The God of Zacchaeus
Monday of Pentecost 11
1 August 2016
The incarnation means that my God is small and weak. The basic Christian fact of the incarnation flies in the face of the human presupposition that God must be an overwhelmingly grand and glorious presence. How God loves to turn our human expectation on its head and do what is best for us, rather than what we expect of Him. We have a God who is willing to be so small and so weak as to be a little child and to seek and to save the little and the weary. This is a mystery that transcends all wonders.

This is the mystery confronting Zacchaeus (Lk 19:1-10). We are quite clear on his problem. Zacchaeus was no Texan. "A wee little man was he," as the child's song goes, "A wee little man was he." He asked himself, "If God is so big, how could I approach him?" And when finally the wee little man was confronted by Jesus, who looked up into the sycamore tree and looked upon him with compassion, how Zacchaeus must've been shocked! If this was God, why was He a man just like him? How amazing that God should condescend to bear our humanity, to be born of a virgin, to live out his life as a teacher in obscure Judea, and after taking up His cross, to be crucified for us poor sinners! God's greatness is precisely in His littleness, His weakness, His suffering, His stooping to our need, His reaching into our situation, His bearing our flesh in His own person on the tree of the cross. As the apostle Paul says, "You, who once were alienated and hostile in mind, doing evil deeds, he has now reconciled in his body of flesh by his death, in order to present you holy and blameless and above reproach before him" (Col 1:21-22).

Jesus invites Zacchaeus, the sinner, down from his tree, because climbing up is not the way to find the God who stoops to be where we are. Clambering up the ladder is the way of the Tower of Babel. The ascent to God by our own efforts collapses in the end; the ladder of our own efforts will always be pushed off of the parapet of heaven. There is no escalator up. St. John's beautiful simplicity puts it this way: "And the Word became flesh and dwelt among us, and we have seen his glory, glory as of the only Son from the Father, full of grace and truth....No one has ever seen God; the only God, who is at the Father's side, he has made him known" (Jn 1:14, 18). The only seeing of God that is possible is the seeing of Zacchaeus. He sees the inviting God, who calls the sinner. He sees the God who comes to his house, sits down at his table, and communes with him. He hears this man, who is God, speak holy absolution. This God recovers that which was His in the first place. For this God comes to seek and to save that which was lost (Lk 19:10).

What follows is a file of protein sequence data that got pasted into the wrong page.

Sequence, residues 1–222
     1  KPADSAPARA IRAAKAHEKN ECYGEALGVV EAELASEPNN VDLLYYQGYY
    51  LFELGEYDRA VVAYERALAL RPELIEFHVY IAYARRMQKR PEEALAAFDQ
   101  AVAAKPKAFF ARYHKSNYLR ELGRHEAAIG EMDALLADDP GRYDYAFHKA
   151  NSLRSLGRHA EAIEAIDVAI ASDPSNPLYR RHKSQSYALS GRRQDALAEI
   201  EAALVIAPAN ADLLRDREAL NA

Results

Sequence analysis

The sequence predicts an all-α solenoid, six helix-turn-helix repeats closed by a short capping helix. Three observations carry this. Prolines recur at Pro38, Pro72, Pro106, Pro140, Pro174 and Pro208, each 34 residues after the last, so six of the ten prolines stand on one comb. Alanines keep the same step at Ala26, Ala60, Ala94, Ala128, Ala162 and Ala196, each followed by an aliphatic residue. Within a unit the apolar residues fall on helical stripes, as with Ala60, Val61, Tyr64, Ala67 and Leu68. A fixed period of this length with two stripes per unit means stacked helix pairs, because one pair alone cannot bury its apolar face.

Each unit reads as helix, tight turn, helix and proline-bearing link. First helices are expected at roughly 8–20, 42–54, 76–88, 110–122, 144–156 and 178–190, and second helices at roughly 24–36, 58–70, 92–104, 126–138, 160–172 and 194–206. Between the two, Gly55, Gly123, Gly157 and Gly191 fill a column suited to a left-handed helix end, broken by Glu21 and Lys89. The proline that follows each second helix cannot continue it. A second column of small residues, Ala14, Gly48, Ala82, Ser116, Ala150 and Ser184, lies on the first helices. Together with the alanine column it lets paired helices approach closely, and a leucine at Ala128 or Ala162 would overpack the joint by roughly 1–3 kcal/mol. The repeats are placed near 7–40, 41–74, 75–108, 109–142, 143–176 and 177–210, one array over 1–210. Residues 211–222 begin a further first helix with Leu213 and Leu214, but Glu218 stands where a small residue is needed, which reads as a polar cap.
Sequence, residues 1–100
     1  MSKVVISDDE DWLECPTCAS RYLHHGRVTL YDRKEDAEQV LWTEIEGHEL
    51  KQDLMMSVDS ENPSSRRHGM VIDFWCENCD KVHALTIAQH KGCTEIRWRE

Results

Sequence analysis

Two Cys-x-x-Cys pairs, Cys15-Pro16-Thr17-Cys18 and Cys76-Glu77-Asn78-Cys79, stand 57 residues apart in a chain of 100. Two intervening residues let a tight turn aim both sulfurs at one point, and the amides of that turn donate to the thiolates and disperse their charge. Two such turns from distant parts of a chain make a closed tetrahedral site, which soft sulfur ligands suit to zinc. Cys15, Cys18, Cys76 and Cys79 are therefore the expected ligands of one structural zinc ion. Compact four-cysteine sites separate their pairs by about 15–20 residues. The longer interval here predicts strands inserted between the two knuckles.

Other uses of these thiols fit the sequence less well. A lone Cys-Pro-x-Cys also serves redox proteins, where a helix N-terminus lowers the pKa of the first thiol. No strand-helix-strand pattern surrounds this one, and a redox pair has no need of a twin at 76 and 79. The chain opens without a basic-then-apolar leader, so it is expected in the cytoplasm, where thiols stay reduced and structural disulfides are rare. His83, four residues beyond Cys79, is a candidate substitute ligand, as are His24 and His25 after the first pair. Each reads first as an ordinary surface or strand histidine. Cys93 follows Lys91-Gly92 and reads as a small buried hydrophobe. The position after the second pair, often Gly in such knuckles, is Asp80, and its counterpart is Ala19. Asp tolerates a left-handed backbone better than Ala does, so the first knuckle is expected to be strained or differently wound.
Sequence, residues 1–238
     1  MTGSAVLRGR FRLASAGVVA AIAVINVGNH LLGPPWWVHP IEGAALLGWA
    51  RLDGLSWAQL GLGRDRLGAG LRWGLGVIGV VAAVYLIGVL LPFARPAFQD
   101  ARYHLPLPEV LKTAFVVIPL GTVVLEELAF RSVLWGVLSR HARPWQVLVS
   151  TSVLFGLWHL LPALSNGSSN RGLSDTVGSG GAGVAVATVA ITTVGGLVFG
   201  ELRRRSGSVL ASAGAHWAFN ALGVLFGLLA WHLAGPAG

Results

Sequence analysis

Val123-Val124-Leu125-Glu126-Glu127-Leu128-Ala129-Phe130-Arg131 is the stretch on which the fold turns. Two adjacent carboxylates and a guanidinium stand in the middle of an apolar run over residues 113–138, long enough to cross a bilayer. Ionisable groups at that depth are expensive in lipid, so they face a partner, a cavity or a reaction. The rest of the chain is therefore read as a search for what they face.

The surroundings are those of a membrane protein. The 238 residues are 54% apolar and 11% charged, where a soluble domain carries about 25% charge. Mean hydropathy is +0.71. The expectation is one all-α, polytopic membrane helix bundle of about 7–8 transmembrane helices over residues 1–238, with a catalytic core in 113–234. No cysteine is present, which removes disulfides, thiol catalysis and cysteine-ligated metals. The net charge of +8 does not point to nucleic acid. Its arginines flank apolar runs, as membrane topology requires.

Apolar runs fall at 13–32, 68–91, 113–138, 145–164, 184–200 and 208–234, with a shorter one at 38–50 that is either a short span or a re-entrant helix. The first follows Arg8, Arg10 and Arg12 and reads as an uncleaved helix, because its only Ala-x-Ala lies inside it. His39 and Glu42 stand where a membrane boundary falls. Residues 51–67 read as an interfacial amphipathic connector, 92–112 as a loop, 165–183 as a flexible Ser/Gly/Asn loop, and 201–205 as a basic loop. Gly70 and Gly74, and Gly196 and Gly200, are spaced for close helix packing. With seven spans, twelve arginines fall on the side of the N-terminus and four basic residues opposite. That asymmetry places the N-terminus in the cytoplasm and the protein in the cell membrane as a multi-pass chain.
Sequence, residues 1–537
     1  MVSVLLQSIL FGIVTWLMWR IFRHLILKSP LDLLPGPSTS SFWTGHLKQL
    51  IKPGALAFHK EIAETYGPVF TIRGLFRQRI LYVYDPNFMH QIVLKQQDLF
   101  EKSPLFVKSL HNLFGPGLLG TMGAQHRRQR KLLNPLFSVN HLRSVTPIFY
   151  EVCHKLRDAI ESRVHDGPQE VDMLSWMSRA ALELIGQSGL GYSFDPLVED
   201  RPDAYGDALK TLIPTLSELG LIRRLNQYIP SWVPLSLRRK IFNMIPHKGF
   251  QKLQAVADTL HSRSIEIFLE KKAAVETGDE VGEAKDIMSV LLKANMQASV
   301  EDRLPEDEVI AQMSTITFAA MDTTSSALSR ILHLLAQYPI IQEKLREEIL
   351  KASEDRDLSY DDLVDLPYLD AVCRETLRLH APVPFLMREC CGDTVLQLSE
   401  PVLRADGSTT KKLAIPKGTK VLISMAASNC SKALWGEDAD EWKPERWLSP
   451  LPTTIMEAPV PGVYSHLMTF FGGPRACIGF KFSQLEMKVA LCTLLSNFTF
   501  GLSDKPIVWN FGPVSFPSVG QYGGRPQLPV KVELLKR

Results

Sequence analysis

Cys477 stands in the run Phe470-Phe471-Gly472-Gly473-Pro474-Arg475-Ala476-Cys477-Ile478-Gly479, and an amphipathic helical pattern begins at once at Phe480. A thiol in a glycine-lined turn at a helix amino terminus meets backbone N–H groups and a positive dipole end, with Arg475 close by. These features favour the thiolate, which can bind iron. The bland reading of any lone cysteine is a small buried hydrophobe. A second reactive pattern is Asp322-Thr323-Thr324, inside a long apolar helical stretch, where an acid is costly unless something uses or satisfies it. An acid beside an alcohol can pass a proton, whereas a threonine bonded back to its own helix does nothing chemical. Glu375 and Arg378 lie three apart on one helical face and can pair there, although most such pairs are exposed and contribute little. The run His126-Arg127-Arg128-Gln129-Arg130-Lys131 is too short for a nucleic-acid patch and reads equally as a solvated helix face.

Rev. Dr. Scott R. Murray
Memorial Lutheran Church

Martin Luther

"The foolishness and weakness of God is the same as the life according to the gospel, by which God makes us appear foolish and weak before men in our external being. But the wisdom and the power of God is the life according to the gospel, or the very rule of the life of the gospel, by which He makes us wise and strong before Himself and looks upon us as such in our inner man. Thus the whole matter shows an exchange. The weakness and foolishness of God before men is wisdom and power before God, and vice versa, the wisdom and power of the world is weakness and foolishness and even death before God."

Martin Luther, Lectures on Romans, 16.19
Luke 19:1-10

He entered Jericho and was passing through. And behold, there was a man named Zacchaeus. He was a chief tax collector and was rich. And he was seeking to see who Jesus was, but on account of the crowd he could not, because he was small in stature. So he ran on ahead and climbed up into a sycamore tree to see him, for he was about to pass that way. And when Jesus came to the place, he looked up and said to him, "Zacchaeus, hurry and come down, for I must stay at your house today." So he hurried and came down and received him joyfully. And when they saw it, they all grumbled, "He has gone in to be the guest of a man who is a sinner." And Zacchaeus stood and said to the Lord, "Behold, Lord, the half of my goods I give to the poor. And if I have defrauded anyone of anything, I restore it fourfold." And Jesus said to him, "Today salvation has come to this house, since he also is a son of Abraham. For the Son of Man came to seek and to save the lost." (ESV)
Dear Lord Jesus, You were made little and weak for our sakes when you took our human flesh, that through bearing it You would cleanse it for us poor sinners. By Your Spirit grant that we might see your power and strength made perfect in our weakness. Bear us when we are weary and downtrodden, that we may be truly strong and wise before You by having Your mind in us. Amen.

For Michael Golchert, that the God of all grace would continue to strengthen and build him up in the midst of cancer therapy

For all those who are traveling for vacation, that they might be safe on their sojourns and return rested and strengthened

For Harvey Meyer, that the Lord would grant him peace and confidence of the gift of eternal salvation in Christ 
Art: Durer, Albrecht  The Adoration of the Trinity (1515) 
Memorial Lutheran Church
© Scott Murray 2016
Memorial Lutheran Church, 5800 Westheimer Rd., Houston, TX 77057
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